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Giddy Up, Cowgirl Hardcover – February 2, 2006
"Neverworld Wake" by Marisha Pessl
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From School Library Journal
PreSchool-Grade 2–Momma has a whole list of errands to run so she tells her daughter to Giddy up. Cowgirl, an exuberant child with lots of imagination and energy, is determined to be helpful. As the two proceed through their tasks, several problems occur. Sometimes Cowgirl is successful in solving them (she sings to compensate for the broken car radio); at other times, disaster ensues (she scatters letters to be mailed on the sidewalk). At the grocery store, Cowgirl lets go of the list, which blows away in the wind. She assures her mother, I remember EVERYTHING on that list, and then fills the basket with candy and treats. Even though Momma visibly loses patience by the end of the trip, the story finishes with hugs all around. The spare narrative is peppered with cowboy drawl. The bright cartoon illustrations really shine: they fill in the texts broad outlines by using facial expressions to add humor and warmth. Krosoczka does a good job of selecting situations that both children and adults will find funny. The lively language and colorful artwork make this tale a Yippeee Yi YEEEE! choice for reading aloud.–Susan E. Murray, Glendale Public Library, AZ
Copyright © Reed Business Information, a division of Reed Elsevier Inc. All rights reserved.
PreS-K. Armed with a trusty sidekick (a plush armadillo), a 10-pint hat, and a mission to be helpful, little Cowgirl discovers that a day of errands with Mom can be full of opportunities to play hero. Sometimes, though, her earnest efforts leave Mom more stressed than ever--as when the fearless youngster asks a favor of a scary-looking biker dude, or drops items she has offered to carry. Cowgirl's confidence eventually flags, but Mom embraces and reassures her downcast helper: "Your momma loves you because you always try!" The story's kids-will-be-kids humor, especially the concluding joke, seems aimed at parents more than children, who may yearn to see illustrations of childhood competence rather than clumsiness. But little ones will respond to Krosoczka's stylized, textured paintings--particularly the brassy cowgirl, whose gap-toothed grin, in the tradition of David Shannon's David, is the locus of her irrepressible energy. Children will also enjoy following the rhythms of familiar activities and talking about how each stop on the duo's errand circuit compares to its counterpart in their own communities. Jennifer Mattson
Copyright © American Library Association. All rights reserved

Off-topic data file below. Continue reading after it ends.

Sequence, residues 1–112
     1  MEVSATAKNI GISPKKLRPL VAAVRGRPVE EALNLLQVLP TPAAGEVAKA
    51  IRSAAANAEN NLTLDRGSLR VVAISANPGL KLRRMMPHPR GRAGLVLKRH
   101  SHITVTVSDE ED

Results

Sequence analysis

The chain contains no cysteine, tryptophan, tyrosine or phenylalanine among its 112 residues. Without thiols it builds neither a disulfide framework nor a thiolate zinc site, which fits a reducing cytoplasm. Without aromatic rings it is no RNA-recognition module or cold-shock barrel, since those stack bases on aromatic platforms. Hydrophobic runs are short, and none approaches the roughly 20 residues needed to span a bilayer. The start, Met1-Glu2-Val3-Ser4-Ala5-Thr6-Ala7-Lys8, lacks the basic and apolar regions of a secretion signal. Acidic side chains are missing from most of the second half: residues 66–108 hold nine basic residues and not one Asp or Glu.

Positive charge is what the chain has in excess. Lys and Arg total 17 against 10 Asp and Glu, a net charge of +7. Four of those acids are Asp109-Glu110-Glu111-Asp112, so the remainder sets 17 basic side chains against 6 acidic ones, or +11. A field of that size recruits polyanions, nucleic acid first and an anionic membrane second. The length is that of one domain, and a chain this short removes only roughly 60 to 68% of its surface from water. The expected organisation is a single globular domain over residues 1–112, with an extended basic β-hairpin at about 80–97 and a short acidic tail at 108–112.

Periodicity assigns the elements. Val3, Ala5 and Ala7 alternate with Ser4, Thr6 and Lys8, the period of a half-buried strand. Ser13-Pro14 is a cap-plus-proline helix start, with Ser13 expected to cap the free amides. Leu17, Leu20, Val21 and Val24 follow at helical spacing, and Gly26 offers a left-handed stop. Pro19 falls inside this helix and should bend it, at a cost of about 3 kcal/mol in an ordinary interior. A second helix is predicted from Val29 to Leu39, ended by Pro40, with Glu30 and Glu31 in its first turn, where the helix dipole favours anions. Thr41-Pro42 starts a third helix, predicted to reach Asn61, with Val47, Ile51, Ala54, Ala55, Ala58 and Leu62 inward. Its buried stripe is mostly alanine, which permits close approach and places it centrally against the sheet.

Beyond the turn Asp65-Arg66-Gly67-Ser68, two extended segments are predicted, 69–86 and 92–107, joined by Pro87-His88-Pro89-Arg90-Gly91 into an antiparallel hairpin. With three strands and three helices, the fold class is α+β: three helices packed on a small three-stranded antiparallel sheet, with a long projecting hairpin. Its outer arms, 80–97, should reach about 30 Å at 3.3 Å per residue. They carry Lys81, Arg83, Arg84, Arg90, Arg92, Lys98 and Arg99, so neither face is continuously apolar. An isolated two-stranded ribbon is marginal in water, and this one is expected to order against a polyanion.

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Neither rural or urban, this cowgirl's as suburban as a station wagon. However, her mind is on the range, full of expressions such as "YEE HAW!" "Saddle up, Ol' Jim! and the venerable "Yippeee Yi YEEEE! Yippee Yi Yo!" (Some Western dialects render that "Yi" as "Ki," but that must originate from a different suburb. "Cowgirl" accompanies When Momma invites "Cowgirl" to help her with some errands, Cowgirl is especially excited; after all, real cowgirls love helping. Unfortunately, Cowgirl's good-hearted intentions exceed her capabilities. Although she finds Momma's wallet beneath the feet of a rough looking feller in the bank, Cowgirl's help inadvertently results in letters flying about the sidewalk, dropped dirty clothes at the cleaners, and a lost grocery list ("Don't worry, Momma, I remember EVERYTHING on that list.") When a dozen eggs spill out onto the parking lot, Momma has already just about lost her patience, and Cowgirl has tears in her big round eyes.
This brings us to the dramatic climax: Momma giving her girl a great big hug, and reassuring her that "Accidents can happen, Cowgirl. Jusat remember, your momma loves you...because you always try." A[...] Any girl (or boy) will love that message. The kicker happens on the next page: Cowgirl opens the door of their SUV--just as a small hatchback drives by. "CRASH!" This last spread is somewhat jarring if taken too seriously, but provides a nice closing laugh. Krosoczka's applies thick, often textured-looking dark and light colors, with a director's combination of closeups and longer, establishing shots. In the peril fraught land of kids' picture books, this young author is definitely home on the range.
As I read to my class of 20 five year-olds I could see they clearly related to the story as well. They were engrossed in the moments the little girl experienced. They wanted to see what would happen after the grocery-shopping list blew away in the wind or when the eggs were spilled. (As a mother I especially appreciated the dialogue of love and patience that occurred after the eggs spilled.)
So, after loud declarations of "YeeHaw!" and "Tarnations!" my class and I agreed Giddy Up, Cowgirl is a "thumbs up"!
Some of the comments from my class were:
"I liked it when she shopped for the groceries! Yeah! It was funny!"
"I want to ride her horse! I liked her horse."
"She kept trying. I like it 'cause she kept trying."
"I really liked it when her mommy gave her a hug." (My personal favorite as well.)
After reading and discussing the book we all agreed that we would try our best to help each other out just as the little girl did.
It is wonderful to find a book that I can share with my daughter and read to my class knowing they would connect with the characters and context. The story teaches us to keep trying and it positively reinforced being helpful.
Keep up the good work Mr. Krosoczka (pronounced Crow-ZAH-ska)! We're looking forward to your next book.